In Chinese culture, foods are allocated to a spectrum of the internal temperature or energy of your body – cool (yin), neutral and warm (yang). In the realms of Traditional Chinese Medicine (TCM), there is an ideal yet delicate balance in one’s body, directly affected by the foods we eat. A neutral state helps to prevent chronic illnesses and fatigue, which are often derived from too much cold energy. While Hong Kong may not have had a cold, hard winter yet, it is still believed that the weather affects your energy. So as the temperature dips, we took a look into some of the city’s traditional dishes to raise your yang.
Lamb Hot Pot
Hot pot is an undeniable pillar of the Hong Kong culinary landscape, most notably in the colder months. Lamb is a winter favourite – hearty meat believed to be full of yang energy and often served with other warming foods like bamboo shoots, dried beancurd sheets and chestnuts, in a broth full of warming herbs and spices like onion, garlic and chillies. Some restaurants serve their hot pot with cooling ingredients like winter melon, to balance the effects of the dish. Remember, too much yang is not the answer, but rather the energy ratios between yin and yang should be balanced to each individual’s internal temperature.
Snake shops are usually multi-generational family businesses because of the special training and expertise required to handle and process the snakes and make the soup. There are still several places in the city to get ser geng, or hot snake soup. The reptilian delicacy’s popularity comes from a firm belief in its benefits and ancient origins. The dietary therapy of TCM considers snake an ingredient that culls the cold in the body, aids recovery of bones and muscles and benefits dry skin and improves circulation.
If you are feeling brave and interested in this local favourite, read more here.
Drunken Chicken Pot
Hugely popular in Hong Kong, this dish is made in a variety of ways, but has a fragrant staple – Hua Tiao wine (a close companion to popular Shaoxing wine). Hua Tiao is a rice wine made from glutinous brown rice, which sits high up on the yang scale. The soup or broth which the chicken is cooked in is often made with the ingredients found in TCM stores all over the city. All you have to do is tell the shopkeeper that you are planning to make Drunken Chicken and you will be handed a pack of warming medicinal treats – ginger, red dates, goji berries or wolfberries all included. This means that the broth is full of healing properties, to stave off nasty winter ailments.
Red Dates and Lotus Seeds Porridge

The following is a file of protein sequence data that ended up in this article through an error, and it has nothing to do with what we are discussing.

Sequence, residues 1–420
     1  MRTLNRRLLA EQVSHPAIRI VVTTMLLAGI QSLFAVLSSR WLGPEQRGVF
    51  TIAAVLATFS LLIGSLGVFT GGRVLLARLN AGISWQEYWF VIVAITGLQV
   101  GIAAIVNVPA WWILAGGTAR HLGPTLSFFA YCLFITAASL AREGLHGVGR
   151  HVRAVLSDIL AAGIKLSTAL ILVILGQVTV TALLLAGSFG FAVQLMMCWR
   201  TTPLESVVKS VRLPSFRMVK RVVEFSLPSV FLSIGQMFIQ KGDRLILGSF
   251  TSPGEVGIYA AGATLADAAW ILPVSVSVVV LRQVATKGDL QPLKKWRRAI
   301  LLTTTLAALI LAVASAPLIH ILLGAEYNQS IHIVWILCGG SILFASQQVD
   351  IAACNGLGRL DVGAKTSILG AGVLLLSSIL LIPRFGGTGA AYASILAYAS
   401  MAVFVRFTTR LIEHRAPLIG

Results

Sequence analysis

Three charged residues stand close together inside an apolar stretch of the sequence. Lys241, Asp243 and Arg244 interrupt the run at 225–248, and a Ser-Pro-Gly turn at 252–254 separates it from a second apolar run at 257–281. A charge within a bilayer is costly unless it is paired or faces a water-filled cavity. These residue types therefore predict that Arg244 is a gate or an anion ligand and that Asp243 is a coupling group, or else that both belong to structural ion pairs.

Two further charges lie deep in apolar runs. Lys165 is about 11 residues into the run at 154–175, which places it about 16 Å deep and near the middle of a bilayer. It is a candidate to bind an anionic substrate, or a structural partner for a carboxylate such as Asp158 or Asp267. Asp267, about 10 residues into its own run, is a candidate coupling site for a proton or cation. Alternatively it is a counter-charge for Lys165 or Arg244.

While the Western world dips into oats in the winter, in Chinese culture a different type of porridge is popular during cold months: red dates and lotus seeds porridge. The popularity is based on the belief that these foods warm and nourish the body through increasing blood circulation (which usually slows in cold weather). Red dates and lotus seeds also aid vital organs, including the heart, and so are best for those recovering from common winter ailments. The porridge is made from boiling pitted red dates and lotus seeds with rice and sugar until it becomes soft and thick, like a porridge.
Roasted Sweet Potatoes and Chestnuts
There are certain images that are emblematic to Hong Kong, signifying moments or traditions that only those who live here will recognise. Sweet potatoes and chestnuts roasting on the side of the road in deep, round bowls during winter is one of them. Whether eaten as a snack, or a quick desk lunch, they are believed to warm your body (and your hands).
Chicken and Ginger Soup Recipe
Chicken soup for the soul anyone? TCM prescribes high yang energy to certain meats and vegetables, accelerated when cooked and eaten in a warm dish like soup or broth. This makes the Chinese iteration of chicken soup (packed with ginger – an important element in warming energy) an ideal winter dish. Vegetables high in yang are common in chicken and ginger soup, especially garlic and onion. Herbs and spices are usually added for extra warmth, particularly black pepper.
Glutinous Rice Balls
Beloved in Hong Kong and greater Chinese culture, glutinous rice balls are eaten on festivals as symbols of happy family reunions and are a pillar of holidays like the Winter Solstice. But how do glutinous rice balls track in dietary beliefs of TCM? Glutinous rice is a source of warming energy, especially if prepared in a warm broth of rice wine. Black sesame paste, which sits in the neutral position on the energy spectrum, is the most common filling during winter months, but variations can be found around the city.
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